range R is a comma-separated pair of line numbers, or just one
     number if the range is a singleton.  To edit this file to yield the
     other files, one must change the specified lines to be the lines
     taken from the other files.  For example, `2:11,13c' means that
     the hunk contains lines 11 through 13 from the second file.

   If the last line in a set of input lines is incomplete (*note
Incomplete Lines::.), it is distinguished on output from a full line by
a following line that starts with `\'.


File: diff.info,  Node: diff3 Hunks,  Next: Example diff3 Normal,  Prev: Detailed diff3 Normal,  Up: Comparing Three Files

`diff3' Hunks
=============

   Groups of lines that differ in two or three of the input files are
called "diff3 hunks", by analogy with `diff' hunks (*note Hunks::.).
If all three input files differ in a `diff3' hunk, the hunk is called a
"three-way hunk"; if just two input files differ, it is a "two-way
hunk".

   As with `diff', several solutions are possible.  When comparing the
files `A', `B', and `C', `diff3' normally finds `diff3' hunks by
merging the two-way hunks output by the two commands `diff A B' and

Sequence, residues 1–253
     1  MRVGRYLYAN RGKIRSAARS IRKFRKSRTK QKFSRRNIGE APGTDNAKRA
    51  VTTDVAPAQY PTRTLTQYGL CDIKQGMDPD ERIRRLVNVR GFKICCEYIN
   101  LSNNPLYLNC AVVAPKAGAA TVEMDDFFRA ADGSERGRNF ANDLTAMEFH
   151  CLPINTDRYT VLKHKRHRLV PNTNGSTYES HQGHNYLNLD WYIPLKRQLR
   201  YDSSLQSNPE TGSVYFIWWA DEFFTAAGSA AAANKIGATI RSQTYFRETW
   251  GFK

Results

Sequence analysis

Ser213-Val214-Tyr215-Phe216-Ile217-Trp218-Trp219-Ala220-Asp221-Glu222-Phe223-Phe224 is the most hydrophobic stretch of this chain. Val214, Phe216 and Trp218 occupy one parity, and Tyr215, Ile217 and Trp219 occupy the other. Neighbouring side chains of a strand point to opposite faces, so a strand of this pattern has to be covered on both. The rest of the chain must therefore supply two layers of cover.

`diff A C'.  This does not necessarily minimize the size of the output,
but exceptions should be rare.

   For example, suppose `F' contains the three lines `a', `b', `f', `G'
contains the lines `g', `b', `g', and `H' contains the lines `a', `b',
`h'.  `diff3 F G H' might output the following:

     ====2
     1:1c
     3:1c
       a
     2:1c
       g
     ====
     1:3c
       f
     2:3c
       g
     3:3c
       h

because it found a two-way hunk containing `a' in the first and third
files and `g' in the second file, then the single line `b' common to
all three files, then a three-way hunk containing the last line of each
file.


File: diff.info,  Node: Example diff3 Normal,  Prev: diff3 Hunks,  Up: Comparing Three Files

An Example of `diff3' Normal Format
===================================